A research program is proposed to investigate in mammary cells the tumorigenic consequences of PIK3CA mutations by using a powerful combination of genetic analyses in mouse models and human cells aiming to address mechanistic questions. The PIK3CA gene (encoding the catalytic p110-alpha subunit of PI3-kinase) is one of the most frequently mutated oncogenes in human cancer. In fact, ~30% of breast carcinomas harbor heterozygous non-random (hotspot) gain-of-function PIK3CA missense mutations present in the segments encoding either the helical or the kinase domain of the enzyme (most frequently E545K and H1047R, respectively). Although both of these mutations increase the kinase enzymatic activity, upregulate the downstream AKT pathway, and promote cell transformation upon overexpression, in human tumors they do not act alone and are associated with molecular changes in other genes. In fact, we have found based upon our examination of human tumor biopsies that that each of the hotspots appears to have shared and in some cases distinct collaborators in the oncogenic process. Therefore, instead of overexpression experiments, it is proposed for an unbiased study of common and unique mutational consequences to simulate the situation in human breast tumors by introducing E545K and H1047R mutations into the endogenous gene by a knock-in approach. The oncogenic consequences of activating the mutations in the mammary epithelium will be assessed by generating mouse mutants expressing conditionally each of the two Pik3ca hotspot mutations. Similar knock-in mutants in human mammary cells will also be studied. Genetic relationships with the downstream oncogene Akt1 and the candidate collaborating partners PTEN, HER2/Erbb2 and IGF1R will then be investigated. In parallel, the immediate consequences of the same PIK3CA mutations will be evaluated in pre-malignant mouse mammary epithelium and immortal human mammary epithelial cells, and will be examined for alterations in signaling, gene expression and cell phenotypes, and compared to tumors.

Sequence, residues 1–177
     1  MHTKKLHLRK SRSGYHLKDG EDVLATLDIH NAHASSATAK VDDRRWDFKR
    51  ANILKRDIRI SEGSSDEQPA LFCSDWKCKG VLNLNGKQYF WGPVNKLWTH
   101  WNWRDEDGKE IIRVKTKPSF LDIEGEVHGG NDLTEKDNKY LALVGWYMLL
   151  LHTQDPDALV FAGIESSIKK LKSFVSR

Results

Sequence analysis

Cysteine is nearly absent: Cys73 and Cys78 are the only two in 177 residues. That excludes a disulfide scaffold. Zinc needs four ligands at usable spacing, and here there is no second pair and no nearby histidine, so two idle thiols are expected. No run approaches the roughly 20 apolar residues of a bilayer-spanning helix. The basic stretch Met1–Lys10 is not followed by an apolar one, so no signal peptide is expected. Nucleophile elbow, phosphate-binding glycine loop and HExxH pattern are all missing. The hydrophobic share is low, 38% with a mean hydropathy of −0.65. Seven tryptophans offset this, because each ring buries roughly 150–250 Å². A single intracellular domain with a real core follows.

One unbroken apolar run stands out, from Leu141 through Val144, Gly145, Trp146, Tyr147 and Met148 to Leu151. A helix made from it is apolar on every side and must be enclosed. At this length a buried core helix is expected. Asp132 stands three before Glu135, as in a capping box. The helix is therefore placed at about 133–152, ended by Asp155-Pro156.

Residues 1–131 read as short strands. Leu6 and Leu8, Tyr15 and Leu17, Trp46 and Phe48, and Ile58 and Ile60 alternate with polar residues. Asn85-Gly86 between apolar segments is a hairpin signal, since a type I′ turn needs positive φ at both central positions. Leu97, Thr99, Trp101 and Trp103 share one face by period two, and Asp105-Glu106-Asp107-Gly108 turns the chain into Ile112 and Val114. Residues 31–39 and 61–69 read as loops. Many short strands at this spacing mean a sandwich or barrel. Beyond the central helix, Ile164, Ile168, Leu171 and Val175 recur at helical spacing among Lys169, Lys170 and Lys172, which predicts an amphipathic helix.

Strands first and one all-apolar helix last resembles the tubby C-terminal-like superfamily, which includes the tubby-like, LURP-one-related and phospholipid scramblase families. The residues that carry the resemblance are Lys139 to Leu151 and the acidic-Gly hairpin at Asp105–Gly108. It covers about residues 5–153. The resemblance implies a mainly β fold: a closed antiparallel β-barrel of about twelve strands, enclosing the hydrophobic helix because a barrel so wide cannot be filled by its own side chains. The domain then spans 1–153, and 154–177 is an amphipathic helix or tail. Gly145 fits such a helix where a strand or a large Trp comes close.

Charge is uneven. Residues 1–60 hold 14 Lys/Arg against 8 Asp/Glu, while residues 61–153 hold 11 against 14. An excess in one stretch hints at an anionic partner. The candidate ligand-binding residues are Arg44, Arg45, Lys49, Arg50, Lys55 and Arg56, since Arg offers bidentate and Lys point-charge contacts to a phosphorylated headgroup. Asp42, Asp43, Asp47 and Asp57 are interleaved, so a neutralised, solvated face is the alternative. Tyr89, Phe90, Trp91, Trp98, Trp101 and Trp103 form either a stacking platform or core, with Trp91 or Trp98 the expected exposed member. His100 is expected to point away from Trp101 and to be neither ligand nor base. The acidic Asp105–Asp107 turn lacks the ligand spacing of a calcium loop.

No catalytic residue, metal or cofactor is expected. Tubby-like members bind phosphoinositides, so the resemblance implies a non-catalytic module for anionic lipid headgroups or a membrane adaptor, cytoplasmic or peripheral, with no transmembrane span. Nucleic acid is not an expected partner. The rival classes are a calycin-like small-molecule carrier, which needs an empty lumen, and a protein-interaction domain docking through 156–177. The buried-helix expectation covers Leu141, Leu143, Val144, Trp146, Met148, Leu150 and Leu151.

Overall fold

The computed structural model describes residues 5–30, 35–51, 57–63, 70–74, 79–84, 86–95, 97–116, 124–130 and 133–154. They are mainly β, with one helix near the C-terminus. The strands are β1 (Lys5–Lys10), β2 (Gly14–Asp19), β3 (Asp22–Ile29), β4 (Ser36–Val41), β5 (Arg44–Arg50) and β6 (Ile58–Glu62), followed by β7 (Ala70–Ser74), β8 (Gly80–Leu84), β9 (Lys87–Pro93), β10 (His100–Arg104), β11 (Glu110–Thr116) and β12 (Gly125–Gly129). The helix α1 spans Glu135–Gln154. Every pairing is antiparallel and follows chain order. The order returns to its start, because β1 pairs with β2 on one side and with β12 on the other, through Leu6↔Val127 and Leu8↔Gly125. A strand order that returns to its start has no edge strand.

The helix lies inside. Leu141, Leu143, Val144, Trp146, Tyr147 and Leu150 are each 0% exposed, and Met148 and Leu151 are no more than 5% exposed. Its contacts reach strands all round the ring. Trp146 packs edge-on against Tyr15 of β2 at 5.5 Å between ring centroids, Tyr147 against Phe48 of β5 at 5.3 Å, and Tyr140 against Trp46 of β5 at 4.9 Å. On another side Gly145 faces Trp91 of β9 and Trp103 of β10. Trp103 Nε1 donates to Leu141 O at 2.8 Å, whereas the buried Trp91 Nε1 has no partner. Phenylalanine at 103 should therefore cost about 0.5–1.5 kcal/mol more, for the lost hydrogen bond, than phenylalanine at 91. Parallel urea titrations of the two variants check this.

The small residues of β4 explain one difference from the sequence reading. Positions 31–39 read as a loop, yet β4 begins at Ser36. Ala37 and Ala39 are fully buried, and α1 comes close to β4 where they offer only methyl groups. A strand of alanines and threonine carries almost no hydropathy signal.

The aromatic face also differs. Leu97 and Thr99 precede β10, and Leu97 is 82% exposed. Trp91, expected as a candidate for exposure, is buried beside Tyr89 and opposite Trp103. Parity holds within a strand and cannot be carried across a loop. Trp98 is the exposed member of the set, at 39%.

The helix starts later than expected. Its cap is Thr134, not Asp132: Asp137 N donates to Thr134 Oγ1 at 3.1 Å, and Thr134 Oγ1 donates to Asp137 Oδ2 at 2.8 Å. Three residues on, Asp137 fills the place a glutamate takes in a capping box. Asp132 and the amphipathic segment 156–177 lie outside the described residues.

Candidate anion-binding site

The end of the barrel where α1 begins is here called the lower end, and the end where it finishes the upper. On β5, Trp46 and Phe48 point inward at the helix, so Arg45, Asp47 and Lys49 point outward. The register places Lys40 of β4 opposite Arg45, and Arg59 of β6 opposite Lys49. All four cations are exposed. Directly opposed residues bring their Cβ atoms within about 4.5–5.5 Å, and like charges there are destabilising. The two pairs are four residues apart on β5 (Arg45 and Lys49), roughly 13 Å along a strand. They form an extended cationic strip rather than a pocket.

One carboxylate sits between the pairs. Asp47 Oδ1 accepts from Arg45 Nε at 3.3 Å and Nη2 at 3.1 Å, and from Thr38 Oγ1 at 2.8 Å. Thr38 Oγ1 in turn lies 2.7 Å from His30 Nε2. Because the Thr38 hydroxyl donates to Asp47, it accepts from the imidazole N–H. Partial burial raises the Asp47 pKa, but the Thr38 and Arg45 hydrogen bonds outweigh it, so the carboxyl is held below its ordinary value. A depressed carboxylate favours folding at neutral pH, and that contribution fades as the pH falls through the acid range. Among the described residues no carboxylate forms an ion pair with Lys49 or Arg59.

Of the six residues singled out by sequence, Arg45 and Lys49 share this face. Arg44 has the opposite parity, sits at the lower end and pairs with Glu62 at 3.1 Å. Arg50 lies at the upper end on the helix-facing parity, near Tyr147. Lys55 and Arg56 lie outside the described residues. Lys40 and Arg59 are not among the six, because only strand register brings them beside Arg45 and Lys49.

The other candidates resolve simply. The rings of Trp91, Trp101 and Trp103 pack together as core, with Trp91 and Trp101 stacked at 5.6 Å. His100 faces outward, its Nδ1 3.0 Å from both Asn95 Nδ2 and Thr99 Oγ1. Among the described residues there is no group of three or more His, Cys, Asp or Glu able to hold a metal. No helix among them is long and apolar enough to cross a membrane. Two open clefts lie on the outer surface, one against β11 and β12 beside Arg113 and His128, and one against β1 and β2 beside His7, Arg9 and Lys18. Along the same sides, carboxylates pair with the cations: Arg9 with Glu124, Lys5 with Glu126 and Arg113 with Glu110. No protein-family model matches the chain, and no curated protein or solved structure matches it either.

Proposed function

PIK3CA is the most commonly mutated oncogene in human breast cancer, and mutations of PIK3CA have been shown to increase its enzymatic activity. Considering that PIK3CA is an outstanding candidate for cancer therapy, the proposed projects are timely and important for the identification of deregulated oncogenic pathways collaborating with mutated PIK3CA to drive malignant tumor progression. This information on candidate targets for therapeutic intervention would be crucial for the eventual development of strategies aiming to optimize targeted, combinatorial treatment regimens.